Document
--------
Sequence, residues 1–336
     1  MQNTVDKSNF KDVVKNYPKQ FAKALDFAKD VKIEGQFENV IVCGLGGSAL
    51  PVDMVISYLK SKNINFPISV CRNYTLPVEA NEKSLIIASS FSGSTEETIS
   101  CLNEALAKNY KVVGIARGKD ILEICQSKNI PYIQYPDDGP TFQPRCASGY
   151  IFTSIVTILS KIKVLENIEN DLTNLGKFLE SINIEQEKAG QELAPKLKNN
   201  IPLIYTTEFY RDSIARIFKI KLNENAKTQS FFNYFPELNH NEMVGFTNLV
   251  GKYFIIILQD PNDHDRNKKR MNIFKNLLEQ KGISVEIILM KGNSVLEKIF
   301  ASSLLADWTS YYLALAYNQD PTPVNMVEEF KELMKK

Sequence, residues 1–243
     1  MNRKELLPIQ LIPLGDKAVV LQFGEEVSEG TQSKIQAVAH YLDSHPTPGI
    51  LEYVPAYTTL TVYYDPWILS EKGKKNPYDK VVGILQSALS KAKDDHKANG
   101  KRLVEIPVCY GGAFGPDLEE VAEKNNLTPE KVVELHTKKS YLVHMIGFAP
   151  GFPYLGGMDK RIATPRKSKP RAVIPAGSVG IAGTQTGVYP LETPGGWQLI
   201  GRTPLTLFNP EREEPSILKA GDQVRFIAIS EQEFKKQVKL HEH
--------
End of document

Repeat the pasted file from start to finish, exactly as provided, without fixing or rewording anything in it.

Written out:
Sequence, residues 1–336
     1  MQNTVDKSNF KDVVKNYPKQ FAKALDFAKD VKIEGQFENV IVCGLGGSAL
    51  PVDMVISYLK SKNINFPISV CRNYTLPVEA NEKSLIIASS FSGSTEETIS
   101  CLNEALAKNY KVVGIARGKD ILEICQSKNI PYIQYPDDGP TFQPRCASGY
   151  IFTSIVTILS KIKVLENIEN DLTNLGKFLE SINIEQEKAG QELAPKLKNN
   201  IPLIYTTEFY RDSIARIFKI KLNENAKTQS FFNYFPELNH NEMVGFTNLV
   251  GKYFIIILQD PNDHDRNKKR MNIFKNLLEQ KGISVEIILM KGNSVLEKIF
   301  ASSLLADWTS YYLALAYNQD PTPVNMVEEF KELMKK

Sequence, residues 1–243
     1  MNRKELLPIQ LIPLGDKAVV LQFGEEVSEG TQSKIQAVAH YLDSHPTPGI
    51  LEYVPAYTTL TVYYDPWILS EKGKKNPYDK VVGILQSALS KAKDDHKANG
   101  KRLVEIPVCY GGAFGPDLEE VAEKNNLTPE KVVELHTKKS YLVHMIGFAP
   151  GFPYLGGMDK RIATPRKSKP RAVIPAGSVG IAGTQTGVYP LETPGGWQLI
   201  GRTPLTLFNP EREEPSILKA GDQVRFIAIS EQEFKKQVKL HEH